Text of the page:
UCLH has a dedicated nurse led inpatient tissue viability team covering all hospital sites.
The tissue viability team is committed to providing support, training and education to clinical staff, patients and carers about maintaining, promoting skin integrity and preventing pressure sores. If during your hospital stay you have a wound that is failing to heal, or that is of concern to the staff looking after you, you may be referred to the tissue viability team for specialist advice.
The nurses in the tissue viability team can provide specialist advice on all types of wounds, including:
- pressure ulcers
- leg ulcers
- surgical wounds
- traumatic wounds.
The work of this team is important because the skin is an organ like the heart or lungs. If it is damaged, then the protection the skin provides from the outside is lessened and we may be more likely to suffer from infection, long-term open wounds or scarring. Wound care helps to make sure that the skin recovers from such damage.
Our aim is to work in partnership with patients and carers, helping them to look after their wounds and prevent the risk of future skin damage.
A pressure ulcer is damage that occurs on the skin and underlying tissue. Pressure ulcers are caused by three main things:
- Pressure: the weight of the body pressing
down on the skin.
- Shearing: the layers of the skin are forced to slide over one another or over deeper tissues,e.g. when you slide down, a bed or chair.
- Friction: rubbing the skin.
Early signs of a pressure ulcer are:
- Change in skin colour - skin may redden
- Change in skin temperature - hotter or colder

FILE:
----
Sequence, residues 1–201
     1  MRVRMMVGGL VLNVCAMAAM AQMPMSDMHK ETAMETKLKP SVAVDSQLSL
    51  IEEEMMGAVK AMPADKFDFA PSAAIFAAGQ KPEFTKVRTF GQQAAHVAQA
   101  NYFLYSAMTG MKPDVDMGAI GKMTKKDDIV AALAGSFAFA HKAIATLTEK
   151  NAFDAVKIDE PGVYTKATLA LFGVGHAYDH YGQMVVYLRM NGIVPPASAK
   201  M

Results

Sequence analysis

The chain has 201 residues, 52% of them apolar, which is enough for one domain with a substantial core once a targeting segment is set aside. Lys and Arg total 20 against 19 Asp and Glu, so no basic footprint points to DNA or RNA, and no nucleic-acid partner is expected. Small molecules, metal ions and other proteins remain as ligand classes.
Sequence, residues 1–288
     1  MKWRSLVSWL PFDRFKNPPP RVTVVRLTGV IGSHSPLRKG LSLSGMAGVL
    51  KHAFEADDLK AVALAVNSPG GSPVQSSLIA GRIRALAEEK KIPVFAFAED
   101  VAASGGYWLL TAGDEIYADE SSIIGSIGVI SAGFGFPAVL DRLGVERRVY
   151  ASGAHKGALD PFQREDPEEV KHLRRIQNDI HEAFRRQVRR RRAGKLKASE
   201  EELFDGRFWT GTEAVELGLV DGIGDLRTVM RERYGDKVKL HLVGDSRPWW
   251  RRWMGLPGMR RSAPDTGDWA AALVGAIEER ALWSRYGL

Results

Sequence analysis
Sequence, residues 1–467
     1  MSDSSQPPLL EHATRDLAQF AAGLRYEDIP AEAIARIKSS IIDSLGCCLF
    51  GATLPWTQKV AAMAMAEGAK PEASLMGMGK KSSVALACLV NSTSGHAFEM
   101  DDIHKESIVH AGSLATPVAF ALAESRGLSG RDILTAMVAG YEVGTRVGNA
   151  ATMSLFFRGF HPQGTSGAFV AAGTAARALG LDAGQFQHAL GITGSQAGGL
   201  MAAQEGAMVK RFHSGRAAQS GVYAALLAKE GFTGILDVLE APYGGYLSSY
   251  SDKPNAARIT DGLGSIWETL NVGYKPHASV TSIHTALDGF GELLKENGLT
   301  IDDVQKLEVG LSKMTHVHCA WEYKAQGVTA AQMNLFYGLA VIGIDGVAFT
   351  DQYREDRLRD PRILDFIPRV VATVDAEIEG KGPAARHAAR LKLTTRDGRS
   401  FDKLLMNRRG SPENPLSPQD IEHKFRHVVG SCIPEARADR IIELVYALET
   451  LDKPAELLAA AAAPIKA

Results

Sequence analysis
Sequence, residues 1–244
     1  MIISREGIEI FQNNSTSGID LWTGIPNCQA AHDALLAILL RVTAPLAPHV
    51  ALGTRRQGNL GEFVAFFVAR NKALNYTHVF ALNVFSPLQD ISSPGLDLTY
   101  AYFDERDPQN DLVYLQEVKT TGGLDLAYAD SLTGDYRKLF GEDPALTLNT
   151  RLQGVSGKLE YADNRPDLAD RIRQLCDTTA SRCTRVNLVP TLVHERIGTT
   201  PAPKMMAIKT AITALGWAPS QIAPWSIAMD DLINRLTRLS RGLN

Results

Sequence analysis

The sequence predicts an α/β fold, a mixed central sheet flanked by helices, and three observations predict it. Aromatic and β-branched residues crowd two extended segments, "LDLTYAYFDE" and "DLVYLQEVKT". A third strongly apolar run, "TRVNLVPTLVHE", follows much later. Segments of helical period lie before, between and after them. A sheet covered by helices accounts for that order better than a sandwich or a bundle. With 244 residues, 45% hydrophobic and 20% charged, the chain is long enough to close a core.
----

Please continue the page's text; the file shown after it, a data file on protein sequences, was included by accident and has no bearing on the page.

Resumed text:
- Discomfort or pain
The most common places for pressure ulcers are over bones, close to the skin such as:
Anyone can get a pressure ulcer, but some people are more likely to develop one than others. People who may be at increased risk include patients:
- That have or have had a pressure ulcer
- That have problems moving and need assistance to change position
- That cannot feel pain over part or all of their body, for example, a damaged spinal cord
- That are incontinent
- That are seriously ill
- Have a poor diet and don’t drink enough water
- That are very old or very young
- Having suffered an injury, for example a broken hip.
Your named nurse will assess your risk. This will involve a head-to-toe skin assessment and a discussion of the risk factors such as diabetes, a stroke, smoking or surgery.
Pressure ulcers can develop quickly and may cause pain, or mean a longer stay in hospital. They can damage deeper layers of tissue beneath the skin so they can take a long time to heal. Therefore, at UCLH to help prevent pressure ulcers we use the SSKIN care bundle that identifies five key aspects of pressure area care. Working together we will agree what your care will be.
SSKIN stands for:
Your skin will be assessed regularly to check for signs of pressure ulcer development. How often your skin is checked depends on your level of risk.
We use two types of mattress. We will discuss with you which one best suits your needs.
One of the best ways of preventing a pressure ulcer is to change your position regularly.
If you have reduced movement because you are in pain, the nursing team will offer you painkillers and help you to change your position. We will advise you on how pressure is best reduced or relieved including advice on:
- Correct sitting and lying positions
- How to adjust your position
- How often you need to move or be moved
- Supporting your feet
It is important your skin is kept clean and dry.
Skin that is damp is at risk of damage. This
may be due to:
- A weeping wound
Eating well and drinking enough water is very important. We will discuss your diet with you and offer extra snacks, supplements and refer you to a dietician if needed